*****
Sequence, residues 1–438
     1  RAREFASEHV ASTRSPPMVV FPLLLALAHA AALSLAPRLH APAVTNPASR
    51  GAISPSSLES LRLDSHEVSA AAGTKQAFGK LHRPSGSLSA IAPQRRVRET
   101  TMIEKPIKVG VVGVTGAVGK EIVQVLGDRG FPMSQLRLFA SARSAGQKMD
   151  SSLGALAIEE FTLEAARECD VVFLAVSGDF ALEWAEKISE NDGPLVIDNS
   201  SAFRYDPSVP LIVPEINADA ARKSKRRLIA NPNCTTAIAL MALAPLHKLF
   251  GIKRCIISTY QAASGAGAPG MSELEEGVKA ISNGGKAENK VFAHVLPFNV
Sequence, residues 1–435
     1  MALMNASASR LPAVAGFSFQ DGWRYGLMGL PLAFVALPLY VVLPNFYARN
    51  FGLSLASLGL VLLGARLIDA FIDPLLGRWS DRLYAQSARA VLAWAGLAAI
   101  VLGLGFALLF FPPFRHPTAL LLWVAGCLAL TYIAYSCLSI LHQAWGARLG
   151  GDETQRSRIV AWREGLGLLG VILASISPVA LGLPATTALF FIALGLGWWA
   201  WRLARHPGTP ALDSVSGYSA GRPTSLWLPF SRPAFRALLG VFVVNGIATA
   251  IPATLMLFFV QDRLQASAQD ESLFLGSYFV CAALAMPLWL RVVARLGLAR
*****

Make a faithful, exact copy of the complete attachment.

Sequence, residues 1–438
     1  RAREFASEHV ASTRSPPMVV FPLLLALAHA AALSLAPRLH APAVTNPASR
    51  GAISPSSLES LRLDSHEVSA AAGTKQAFGK LHRPSGSLSA IAPQRRVRET
   101  TMIEKPIKVG VVGVTGAVGK EIVQVLGDRG FPMSQLRLFA SARSAGQKMD
   151  SSLGALAIEE FTLEAARECD VVFLAVSGDF ALEWAEKISE NDGPLVIDNS
   201  SAFRYDPSVP LIVPEINADA ARKSKRRLIA NPNCTTAIAL MALAPLHKLF
   251  GIKRCIISTY QAASGAGAPG MSELEEGVKA ISNGGKAENK VFAHVLPFNV
Sequence, residues 1–435
     1  MALMNASASR LPAVAGFSFQ DGWRYGLMGL PLAFVALPLY VVLPNFYARN
    51  FGLSLASLGL VLLGARLIDA FIDPLLGRWS DRLYAQSARA VLAWAGLAAI
   101  VLGLGFALLF FPPFRHPTAL LLWVAGCLAL TYIAYSCLSI LHQAWGARLG
   151  GDETQRSRIV AWREGLGLLG VILASISPVA LGLPATTALF FIALGLGWWA
   201  WRLARHPGTP ALDSVSGYSA GRPTSLWLPF SRPAFRALLG VFVVNGIATA
   251  IPATLMLFFV QDRLQASAQD ESLFLGSYFV CAALAMPLWL RVVARLGLAR